制片人：玛利亚·皮赫拉亚 泰约·埃洛兰塔 阿列克西·霍尔科
Director: Mikko Mäkelä
Screenwriter: Mikko Mäkelä
Cast: Otto Rokka, Teijo Eloranta, Aleksi Holkko
Producer: Marja Pihlaja
Cinematographer: Iikka Salminen
Genre: Fiction short film
Production Company: Tekele Production
On furlough from his military service, Niko pays his estranged father a visit. Can old wounds heal?
导演介绍 Director Biography
米科·梅凯拉是居住在伦敦的芬兰裔英国作家、导演，被IndieWire评为2019年25位崛起的LGBTQ电影人之一。他的导演处女作《芦苇荡的时光》（2017）在全球80多个电影节上放映，并提名英国独立电影奖的发现奖，以及两次芬兰尤西奖（最佳男主角和最佳男配角）。米科是柏林国际电影节天才营（Berlinale Talents）、英国独立电影奖跳板营（BIFA Springboard）的成员以及英国电影协会网络X英国电影学院奖成员(BFI Network X BAFTA Crew)的校友。在首次拍摄电影之前，他曾执导过一些音乐和时尚宣传片，并在电视剧和广告中担任编辑。在他的电影中，米科最感兴趣的是表现酷儿经历、更广泛地探索身份问题，并常常借助边缘化的人物和在社会中格格不入的个体来集中表现。目前，他正在与英国电影协会合作，制作他在英国的第二部电影。
Mikko Mäkelä is a Finnish-British writer/director based in London, named by IndieWire as one of 25 LGBTQ Filmmakers on the Rise in 2019. His feature directorial debut A Moment in the Reeds (2017) screened at over 80 festivals worldwide and was nominated for The Discovery Award at the British Independent Film Awards as well as two Finnish Jussi Awards (Best Actor & Best Supporting Actor). Mikko is an alumnus of Berlinale Talents, BIFA Springboard as well as BFI Network X BAFTA Crew. Prior to his feature debut, he directed a number of music and fashion promos alongside working as an editor in drama and commercials. In his films, Mikko is most interested in representing the queer experience and more broadly exploring questions of identity, often focalised through marginalised characters and individuals at odds with society. He is currently developing his UK-based sophomore feature with the BFI.
导演阐述 Director Statement
It’s difficult to overstate the significance of military service for the national identity of Finland. In addition to its primary purpose of defence, the central role played by the armed forces in Finnish society is evident in the saying – that we all grow up hearing – that military service “moulds boys into men” – as if only through completing this rite of passage can a male-bodied Finn become a full-blown citizen.
Homosexuality has remained taboo in the Finnish armed forces until very recently, and it is the fear of homophobia that has historically prevented so many queer men from entering the service – as was the case for myself. Given its outsize importance in Finnish society, and the negative psychological impact of its firm linkage to traditional notions of masculinity, I therefore felt compelled to finally examine this institution from a heretofore unseen queer perspective in Service.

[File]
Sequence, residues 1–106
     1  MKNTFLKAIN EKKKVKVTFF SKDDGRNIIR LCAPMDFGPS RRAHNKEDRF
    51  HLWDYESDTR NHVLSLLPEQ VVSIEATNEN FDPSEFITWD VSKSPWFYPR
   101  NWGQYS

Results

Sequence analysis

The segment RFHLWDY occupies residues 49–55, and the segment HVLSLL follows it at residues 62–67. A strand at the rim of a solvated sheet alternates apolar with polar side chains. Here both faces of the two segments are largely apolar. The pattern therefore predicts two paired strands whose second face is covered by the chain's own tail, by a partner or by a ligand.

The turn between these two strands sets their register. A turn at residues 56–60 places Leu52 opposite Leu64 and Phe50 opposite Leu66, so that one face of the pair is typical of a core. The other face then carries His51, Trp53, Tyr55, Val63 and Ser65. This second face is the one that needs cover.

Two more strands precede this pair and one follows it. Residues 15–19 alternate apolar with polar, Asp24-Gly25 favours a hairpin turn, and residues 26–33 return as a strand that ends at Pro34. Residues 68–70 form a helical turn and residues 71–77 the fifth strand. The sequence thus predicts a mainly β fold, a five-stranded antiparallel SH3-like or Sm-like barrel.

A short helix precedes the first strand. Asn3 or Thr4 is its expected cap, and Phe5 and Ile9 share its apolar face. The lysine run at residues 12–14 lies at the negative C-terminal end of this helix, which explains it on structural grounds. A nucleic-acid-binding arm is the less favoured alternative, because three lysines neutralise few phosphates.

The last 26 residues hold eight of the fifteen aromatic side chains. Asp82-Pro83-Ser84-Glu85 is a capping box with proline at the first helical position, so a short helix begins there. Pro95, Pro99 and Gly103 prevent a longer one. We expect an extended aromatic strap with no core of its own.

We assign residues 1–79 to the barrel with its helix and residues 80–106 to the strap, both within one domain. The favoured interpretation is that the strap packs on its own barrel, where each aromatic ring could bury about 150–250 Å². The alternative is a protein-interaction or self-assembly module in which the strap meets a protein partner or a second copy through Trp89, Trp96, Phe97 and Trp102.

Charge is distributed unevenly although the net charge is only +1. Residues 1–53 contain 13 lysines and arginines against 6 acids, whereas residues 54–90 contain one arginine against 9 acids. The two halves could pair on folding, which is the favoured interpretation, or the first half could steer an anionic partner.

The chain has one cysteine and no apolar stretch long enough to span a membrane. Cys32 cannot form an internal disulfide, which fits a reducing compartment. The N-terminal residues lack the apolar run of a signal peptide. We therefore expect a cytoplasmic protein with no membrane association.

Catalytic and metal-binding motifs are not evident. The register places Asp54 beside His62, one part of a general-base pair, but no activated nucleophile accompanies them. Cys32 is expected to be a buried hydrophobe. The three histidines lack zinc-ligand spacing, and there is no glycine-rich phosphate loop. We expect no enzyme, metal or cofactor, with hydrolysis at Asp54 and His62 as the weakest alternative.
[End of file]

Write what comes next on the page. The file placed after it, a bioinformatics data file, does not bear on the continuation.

The short drama tells the story of an estranged father and his adult son’s reunion after the latter has finally entered the military to complete his service, following years of deferment. In the course of their meeting, we understand that, growing up, Niko has been a disappointment to his father by diverging from a traditional heteronormative idea of masculinity. In the film I wanted to examine this wedge driven between father and son, through the latter’s failure to conform to the former’s expectations – and this particularly from a queer perspective, when those expectations have to do with gender roles and expression. Viewing (the fulfilment of) military service as a measure of “manhood” allowed me also to examine performativity of gender within the father-son relationship: it’s only once dressed in the military uniform that Niko can be recognized as “a real man” by his father. With the end twist, I also want the audience to reflect on the superficial and potentially illusory nature of gender performance, as well as to interrogate the linkage of military service and masculinity in (Finnish) culture. Through Niko’s “deceit”, the film also seeks to reflect on the necessity and ethics of a so-called white lie in helping to bridge the gap between generations. Are Niko’s actions unethical if they have the power to make his father happy and allow father and son to become close again? Can his actions be thought of as wrong if only through them Niko is able to feel his father’s acceptance and love, even superficially? The film can be seen as a story of a child who, out of love for their parent (and in need of parental love), is ultimately seemingly prepared to compromise their identity and ideology – how, in order to maintain familial relations, the child is prepared to “speak their language”. At its foundation, the (borrowed) uniform is simply a concrete example of all the figurative masks that we are forced to wear in different arenas of our lives, and the various roles we at times have to take on to maintain our relationships.